Seconding hospice. While most people probably think of hospice as a sort of last resort when you accept the inevitable, the truth is that they are wonderful even when someone's death is neither imminent nor predictable. When my boss's mom was struggling through Alzheimer's, she was in and out of various care facilities while they tried to find one that suited her need level and unpredictable behavior. Hospice was a great advocate for her in my boss's dealings with all of the facilities, as well as an invaluable resource for my boss.

So whether your friend's wife has accepted it or not, or even if she miraculously doesn't die, hospice can provide services to help.
posted by Madamina at 8:42 AM on June 21, 2008

He might also encourage her to write letters to her children for when they are older. She's not going to be around to have some precious conversations with her kids and she (and they!) may find it comforting if she can do this.

There's been a fair amount of discussion lately about how oncologists are often not frank with patients about when it's time to stop anything but palliative treatment. The two of them should talk to her oncologist about prognosis and timeframe. When my mother was dying of cancer I know I found it difficult to say to her how much she had meant to me but I was glad I found the words. I don't think one has to have lots of conversations like this but encouraging your friend to say the things to her that he'd regret not saying will be comforting. We also found it took some pushing to get her shifted to hospice care despite the fact that everyone knew she was imminently dying. The hospice people were great though and really helped with freeing everyone to be totally frank about the situation.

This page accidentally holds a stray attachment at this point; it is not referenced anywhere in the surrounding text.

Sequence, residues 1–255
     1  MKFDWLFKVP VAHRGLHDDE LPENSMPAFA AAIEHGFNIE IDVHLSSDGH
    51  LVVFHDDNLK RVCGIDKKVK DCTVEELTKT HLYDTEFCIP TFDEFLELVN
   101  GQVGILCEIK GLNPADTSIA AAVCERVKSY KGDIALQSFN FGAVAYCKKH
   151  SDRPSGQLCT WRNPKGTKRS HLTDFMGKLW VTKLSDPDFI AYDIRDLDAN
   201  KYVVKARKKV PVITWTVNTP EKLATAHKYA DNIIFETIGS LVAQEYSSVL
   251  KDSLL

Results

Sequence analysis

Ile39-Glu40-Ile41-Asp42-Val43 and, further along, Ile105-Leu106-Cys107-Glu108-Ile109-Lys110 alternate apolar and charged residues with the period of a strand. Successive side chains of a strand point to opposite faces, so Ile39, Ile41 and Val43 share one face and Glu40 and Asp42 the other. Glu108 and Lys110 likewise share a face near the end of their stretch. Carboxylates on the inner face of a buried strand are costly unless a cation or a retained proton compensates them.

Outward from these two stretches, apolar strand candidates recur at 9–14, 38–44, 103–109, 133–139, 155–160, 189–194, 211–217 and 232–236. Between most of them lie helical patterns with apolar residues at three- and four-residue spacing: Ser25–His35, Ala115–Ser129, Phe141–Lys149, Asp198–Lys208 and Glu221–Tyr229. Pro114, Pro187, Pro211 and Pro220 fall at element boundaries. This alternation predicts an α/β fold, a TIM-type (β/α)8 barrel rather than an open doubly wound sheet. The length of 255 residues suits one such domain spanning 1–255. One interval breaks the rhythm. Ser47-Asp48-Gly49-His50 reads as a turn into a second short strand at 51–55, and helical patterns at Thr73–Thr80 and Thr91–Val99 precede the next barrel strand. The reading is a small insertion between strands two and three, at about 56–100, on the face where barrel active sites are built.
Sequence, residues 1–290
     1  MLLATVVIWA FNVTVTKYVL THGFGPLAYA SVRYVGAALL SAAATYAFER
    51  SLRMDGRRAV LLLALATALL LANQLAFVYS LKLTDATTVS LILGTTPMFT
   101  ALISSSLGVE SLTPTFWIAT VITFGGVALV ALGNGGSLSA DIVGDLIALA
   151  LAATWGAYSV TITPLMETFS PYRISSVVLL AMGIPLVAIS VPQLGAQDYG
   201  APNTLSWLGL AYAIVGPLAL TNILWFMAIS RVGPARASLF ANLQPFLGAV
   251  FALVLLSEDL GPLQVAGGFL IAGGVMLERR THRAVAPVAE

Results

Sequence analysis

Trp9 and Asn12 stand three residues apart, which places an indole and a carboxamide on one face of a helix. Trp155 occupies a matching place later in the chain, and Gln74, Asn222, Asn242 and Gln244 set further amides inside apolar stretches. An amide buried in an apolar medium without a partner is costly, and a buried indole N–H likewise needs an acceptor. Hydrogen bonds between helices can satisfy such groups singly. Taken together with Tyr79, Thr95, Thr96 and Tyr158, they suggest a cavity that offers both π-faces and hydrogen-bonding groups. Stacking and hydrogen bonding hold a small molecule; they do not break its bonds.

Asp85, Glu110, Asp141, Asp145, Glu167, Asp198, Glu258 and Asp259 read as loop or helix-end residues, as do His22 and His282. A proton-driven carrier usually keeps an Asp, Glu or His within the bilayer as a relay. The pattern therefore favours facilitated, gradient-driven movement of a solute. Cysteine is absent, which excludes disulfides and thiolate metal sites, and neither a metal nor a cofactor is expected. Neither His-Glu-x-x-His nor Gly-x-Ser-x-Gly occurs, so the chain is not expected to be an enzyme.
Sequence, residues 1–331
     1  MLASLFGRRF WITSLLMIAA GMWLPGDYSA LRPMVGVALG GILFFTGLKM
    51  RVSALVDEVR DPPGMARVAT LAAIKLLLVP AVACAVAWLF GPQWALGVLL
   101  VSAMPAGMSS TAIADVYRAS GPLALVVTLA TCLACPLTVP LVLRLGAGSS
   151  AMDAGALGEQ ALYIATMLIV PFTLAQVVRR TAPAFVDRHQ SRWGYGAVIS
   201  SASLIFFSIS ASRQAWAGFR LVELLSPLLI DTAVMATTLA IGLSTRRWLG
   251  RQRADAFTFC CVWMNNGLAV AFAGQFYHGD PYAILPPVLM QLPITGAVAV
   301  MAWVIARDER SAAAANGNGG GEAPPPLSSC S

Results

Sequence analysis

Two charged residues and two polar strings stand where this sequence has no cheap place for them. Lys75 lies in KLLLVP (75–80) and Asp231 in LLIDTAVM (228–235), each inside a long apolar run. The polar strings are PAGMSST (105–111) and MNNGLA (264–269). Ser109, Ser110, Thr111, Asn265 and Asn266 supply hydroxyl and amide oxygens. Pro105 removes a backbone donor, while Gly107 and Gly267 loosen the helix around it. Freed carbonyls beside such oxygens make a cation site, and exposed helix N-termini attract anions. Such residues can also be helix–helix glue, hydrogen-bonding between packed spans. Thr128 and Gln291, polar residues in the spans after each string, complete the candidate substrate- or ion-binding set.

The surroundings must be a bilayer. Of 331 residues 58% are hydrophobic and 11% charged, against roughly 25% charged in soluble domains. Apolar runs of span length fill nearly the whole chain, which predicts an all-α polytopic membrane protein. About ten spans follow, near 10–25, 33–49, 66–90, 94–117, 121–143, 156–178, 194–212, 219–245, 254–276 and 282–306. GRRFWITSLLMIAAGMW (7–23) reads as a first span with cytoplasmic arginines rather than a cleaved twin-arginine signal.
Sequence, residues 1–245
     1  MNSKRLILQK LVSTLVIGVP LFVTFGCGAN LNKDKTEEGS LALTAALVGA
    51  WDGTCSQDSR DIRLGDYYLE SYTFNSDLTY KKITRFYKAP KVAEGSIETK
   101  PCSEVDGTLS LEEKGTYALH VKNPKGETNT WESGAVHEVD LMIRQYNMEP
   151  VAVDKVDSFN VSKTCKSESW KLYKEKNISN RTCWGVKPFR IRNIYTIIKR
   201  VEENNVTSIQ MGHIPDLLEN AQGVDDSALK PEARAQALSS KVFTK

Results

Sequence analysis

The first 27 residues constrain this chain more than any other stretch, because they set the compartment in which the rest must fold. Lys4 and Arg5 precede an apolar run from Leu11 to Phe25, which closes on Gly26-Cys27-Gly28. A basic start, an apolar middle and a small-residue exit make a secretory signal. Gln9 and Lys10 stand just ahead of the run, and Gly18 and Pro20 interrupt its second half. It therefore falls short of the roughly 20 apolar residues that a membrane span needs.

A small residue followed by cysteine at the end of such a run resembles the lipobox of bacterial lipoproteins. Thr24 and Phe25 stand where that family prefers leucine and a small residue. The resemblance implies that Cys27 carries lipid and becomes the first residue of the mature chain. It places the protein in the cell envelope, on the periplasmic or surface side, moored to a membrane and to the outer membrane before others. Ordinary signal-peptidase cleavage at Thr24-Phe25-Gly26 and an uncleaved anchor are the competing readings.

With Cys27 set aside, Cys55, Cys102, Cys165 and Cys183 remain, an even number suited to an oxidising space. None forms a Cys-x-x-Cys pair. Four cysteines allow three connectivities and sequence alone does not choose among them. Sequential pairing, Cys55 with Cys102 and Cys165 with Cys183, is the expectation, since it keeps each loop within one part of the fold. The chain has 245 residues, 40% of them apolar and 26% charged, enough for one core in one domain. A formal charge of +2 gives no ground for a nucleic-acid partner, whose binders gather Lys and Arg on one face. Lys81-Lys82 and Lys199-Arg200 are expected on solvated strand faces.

posted by leslies at 9:18 AM on June 21, 2008

This previous question, How to talk to a friend about dying, might be helpful.
posted by LobsterMitten at 9:22 AM on June 21, 2008

I work in a cancer-related job as well. And have a dear friend who's a young widow thanks to cancer. Most of my advice comes from the latter.

I'd really strongly advise that he look into support groups. It may take a couple tries to find one with the right vibe, but this is a situation where advice from others in your boat, who have severely ill or dying spouses, are going to have the most relevant and comforting advice.

From my own experience with my friend and her husband, I'll say that the one advantage to a long slog with cancer is that you do have a lot of time to deal with the eventuality of death -- time to be furious, time to bargain, time to be practical, time for your friend to make peace with losing his wife, and time for him to make peace with the terrible fact that he'll be a little relieved. It's especially hard when there are big ups and downs where recovery seems possible and then impossible. But when death comes, it's a lot of things, and heart-wrenchingly sad, but it's not an unexpected shock.